How to let my defenses down?
November 11, 2016 3:08 AM   Subscribe

I am 48. I had avoided relationships and women generally for several years after a long-term GF cheated on me. I was also emotionally abused for years by my mother, smothered and forced to be her confidant and emotional support even though I was a child.

After my mom died, I decided I was going to live life again, having just seen death. I read a book, No More Mr. Nice Guy and it really helped. I also read some seduction stuff which was generally not helpful, as it is just not me. I also read books on body language.

I also started working out and lost a ton of weight. My life changed seemingly overnight--before only a few women paid attention to me--now women were coming up to me. I got confident with women and they responded.

My problem is my defenses. First, I have been shocked by the number of people in relationships who cross lines and do things that would anger their partners. Sometimes these people will blatantly announce they are married when they approach me. This triggers a defensive and angry response in me. I end up moping for days and I avoid women and do not follow up on texting for dates. It also makes it harder for me to express sexual interest and start kissing and the like.

I have a great therapist, but I don't share enough with friends, so I thought I would ask the hive mind if they have ever had issues like this and how they dealt with it.
posted by anonymous to Human Relations (10 answers total) 4 users marked this as a favorite
 
You call your anger "defensive." It's the subsequent withdrawal that's defensive, though understandable with your history of betrayal. Though it's true that some women may betray their partners, it doesn't mean that they all will. You already know that but don't want to take the risk. "Let your defenses down" implies a willingness to take that risk, and it is an actual risk. You may be betrayed again, but you also may not. What's more, women may not know that you won't betray them. Relationships are scary that way, but they can work.
posted by Obscure Reference at 4:36 AM on November 11, 2016


Somehow I sense an undercurrent in your question that you are afraid that all women are like the women you describe, overbearing and cheating. (I might be wrong though, so in that case, disregard my advice.) Remember that all women are individuals. Not all women are like this and men can cheat and be overbearing too. These are not characteristics inherent to only one gender, nor is it the case that they are more prevalent in one of these genders. I understand it can be very hard, cause there is no way of proving that a potential partner is not a cheater: until they actually cheat, in your mind, they will always be a potential cheater, but they just didn't do it yet, or you haven't found out yet. The only way to deal with this is to trust, let your defenses down and take the risk. Yes, it is very scary, but you can understand that even with a 'good' partner, this fear will poison every relationship, right?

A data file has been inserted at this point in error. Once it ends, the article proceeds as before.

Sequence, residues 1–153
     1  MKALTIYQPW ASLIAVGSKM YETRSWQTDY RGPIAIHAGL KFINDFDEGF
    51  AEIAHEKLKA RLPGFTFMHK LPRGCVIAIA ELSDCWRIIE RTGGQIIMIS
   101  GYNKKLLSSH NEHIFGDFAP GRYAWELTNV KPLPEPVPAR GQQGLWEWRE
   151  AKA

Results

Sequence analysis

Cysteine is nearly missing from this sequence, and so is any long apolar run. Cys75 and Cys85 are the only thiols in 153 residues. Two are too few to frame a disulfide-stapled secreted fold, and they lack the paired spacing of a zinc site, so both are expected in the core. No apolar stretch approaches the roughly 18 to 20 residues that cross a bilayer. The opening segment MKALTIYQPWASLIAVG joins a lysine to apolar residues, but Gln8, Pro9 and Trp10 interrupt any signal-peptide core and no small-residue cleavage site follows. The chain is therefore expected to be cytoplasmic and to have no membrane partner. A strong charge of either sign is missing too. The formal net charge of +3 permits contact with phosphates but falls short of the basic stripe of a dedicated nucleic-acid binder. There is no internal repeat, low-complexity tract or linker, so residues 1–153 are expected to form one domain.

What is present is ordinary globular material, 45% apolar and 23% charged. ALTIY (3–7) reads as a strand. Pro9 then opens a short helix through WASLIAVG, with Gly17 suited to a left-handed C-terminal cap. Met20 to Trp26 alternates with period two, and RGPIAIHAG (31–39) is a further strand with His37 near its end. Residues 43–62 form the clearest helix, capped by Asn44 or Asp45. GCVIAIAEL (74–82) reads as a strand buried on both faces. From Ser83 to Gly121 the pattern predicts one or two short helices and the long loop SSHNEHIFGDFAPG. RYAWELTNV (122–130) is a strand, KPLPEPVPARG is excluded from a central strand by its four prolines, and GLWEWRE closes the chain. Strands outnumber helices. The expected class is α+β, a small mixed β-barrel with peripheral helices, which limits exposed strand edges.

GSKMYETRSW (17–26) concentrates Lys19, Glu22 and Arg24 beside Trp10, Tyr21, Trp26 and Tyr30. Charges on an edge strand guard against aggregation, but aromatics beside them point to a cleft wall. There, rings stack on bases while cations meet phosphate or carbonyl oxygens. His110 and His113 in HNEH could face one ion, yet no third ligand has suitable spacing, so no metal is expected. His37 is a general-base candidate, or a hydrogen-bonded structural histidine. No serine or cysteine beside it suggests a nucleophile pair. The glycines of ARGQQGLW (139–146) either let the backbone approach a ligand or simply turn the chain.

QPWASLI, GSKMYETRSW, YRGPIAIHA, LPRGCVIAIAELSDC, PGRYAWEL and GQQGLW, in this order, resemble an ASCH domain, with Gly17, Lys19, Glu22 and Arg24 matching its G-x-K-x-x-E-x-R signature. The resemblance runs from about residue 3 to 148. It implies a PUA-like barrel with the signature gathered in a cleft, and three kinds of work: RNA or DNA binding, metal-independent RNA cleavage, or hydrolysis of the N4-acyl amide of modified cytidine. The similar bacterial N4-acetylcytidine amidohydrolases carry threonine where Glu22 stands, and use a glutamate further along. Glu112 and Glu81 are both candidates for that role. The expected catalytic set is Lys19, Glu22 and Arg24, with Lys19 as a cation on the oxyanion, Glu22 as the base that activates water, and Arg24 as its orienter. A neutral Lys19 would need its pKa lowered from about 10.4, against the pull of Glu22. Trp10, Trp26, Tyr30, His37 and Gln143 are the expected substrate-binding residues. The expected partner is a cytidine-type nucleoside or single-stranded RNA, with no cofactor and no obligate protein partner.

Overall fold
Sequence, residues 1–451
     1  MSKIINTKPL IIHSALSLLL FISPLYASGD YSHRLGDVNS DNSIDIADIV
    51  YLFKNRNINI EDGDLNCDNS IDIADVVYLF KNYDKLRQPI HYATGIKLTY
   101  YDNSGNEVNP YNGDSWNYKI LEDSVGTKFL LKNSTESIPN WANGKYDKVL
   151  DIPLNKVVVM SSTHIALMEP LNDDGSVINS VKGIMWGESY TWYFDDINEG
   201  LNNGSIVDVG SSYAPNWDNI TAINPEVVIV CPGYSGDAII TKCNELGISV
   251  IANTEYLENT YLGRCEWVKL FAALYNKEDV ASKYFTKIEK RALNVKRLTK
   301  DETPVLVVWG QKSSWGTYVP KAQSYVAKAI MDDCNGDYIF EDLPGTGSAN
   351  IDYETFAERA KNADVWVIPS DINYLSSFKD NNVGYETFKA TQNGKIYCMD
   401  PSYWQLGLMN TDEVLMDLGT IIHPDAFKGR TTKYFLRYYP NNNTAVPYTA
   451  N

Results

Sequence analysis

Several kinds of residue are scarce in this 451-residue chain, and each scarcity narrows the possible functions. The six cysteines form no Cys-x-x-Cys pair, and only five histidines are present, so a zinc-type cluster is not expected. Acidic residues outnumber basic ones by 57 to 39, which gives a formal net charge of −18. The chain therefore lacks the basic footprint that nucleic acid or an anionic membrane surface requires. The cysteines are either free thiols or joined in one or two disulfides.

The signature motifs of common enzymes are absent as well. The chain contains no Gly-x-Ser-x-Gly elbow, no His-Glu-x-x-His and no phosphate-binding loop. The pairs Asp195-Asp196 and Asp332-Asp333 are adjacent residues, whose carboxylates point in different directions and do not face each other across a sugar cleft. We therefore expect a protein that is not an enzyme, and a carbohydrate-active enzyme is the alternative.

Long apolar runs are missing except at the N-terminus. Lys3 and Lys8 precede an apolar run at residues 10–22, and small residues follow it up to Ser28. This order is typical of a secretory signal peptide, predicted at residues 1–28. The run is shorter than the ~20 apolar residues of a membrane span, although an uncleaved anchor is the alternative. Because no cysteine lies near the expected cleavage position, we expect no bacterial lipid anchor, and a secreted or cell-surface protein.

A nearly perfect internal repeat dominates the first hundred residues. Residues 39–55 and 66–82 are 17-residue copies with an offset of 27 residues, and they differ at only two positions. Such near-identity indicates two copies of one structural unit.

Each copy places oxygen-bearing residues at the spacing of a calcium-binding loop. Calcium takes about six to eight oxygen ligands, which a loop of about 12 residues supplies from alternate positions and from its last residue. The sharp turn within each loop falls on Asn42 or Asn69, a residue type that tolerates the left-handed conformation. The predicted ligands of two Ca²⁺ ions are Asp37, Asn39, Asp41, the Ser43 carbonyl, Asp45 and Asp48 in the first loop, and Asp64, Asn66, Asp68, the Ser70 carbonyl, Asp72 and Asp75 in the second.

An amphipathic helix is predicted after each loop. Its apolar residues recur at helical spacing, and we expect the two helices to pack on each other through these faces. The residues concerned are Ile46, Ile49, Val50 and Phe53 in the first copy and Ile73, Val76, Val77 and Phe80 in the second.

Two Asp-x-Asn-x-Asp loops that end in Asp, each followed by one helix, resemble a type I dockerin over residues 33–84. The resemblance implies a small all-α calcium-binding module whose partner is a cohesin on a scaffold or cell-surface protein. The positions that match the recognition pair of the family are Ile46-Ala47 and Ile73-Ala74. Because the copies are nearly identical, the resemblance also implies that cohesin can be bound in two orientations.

It is a cliche, love is a numbers game and you will have to kiss a lot of frogs to find your princess. By closing yourself off because of bad experiences you gain nothing.
posted by leopard-skin pill-box hat at 5:50 AM on November 11, 2016 [3 favorites]


I think this would be easier for you if gou can start to be vulnerable and open up with your friends. Sharing in a less intense relationship is like a good start, and may help you safer in romantic relationships.
posted by Kalmya at 6:48 AM on November 11, 2016 [5 favorites]


Your experience sounds strangely like how it feels to be female for me and a lot of people I know. I wonder if that might be because you've made yourself physically attractive (congratulations on getting well and in shape!), and that these women are basically objectifying you? Women tend to get objectified a LOT whether we're "conventionally" attractive or not, because patriarchy says that we are literally just objects/property, so I think I kind of know how you feel.

So basically, I'm sorry you're getting this, and it's not ok. People shouldn't just approach someone for sex or funtimes as if they're entitled to that person's time and attention. If you must do it, you have to do it carefully and sensitively. Perhaps they're trying to do that by being out in the open about their relationship status, but it sounds like they might have been doing a poor job.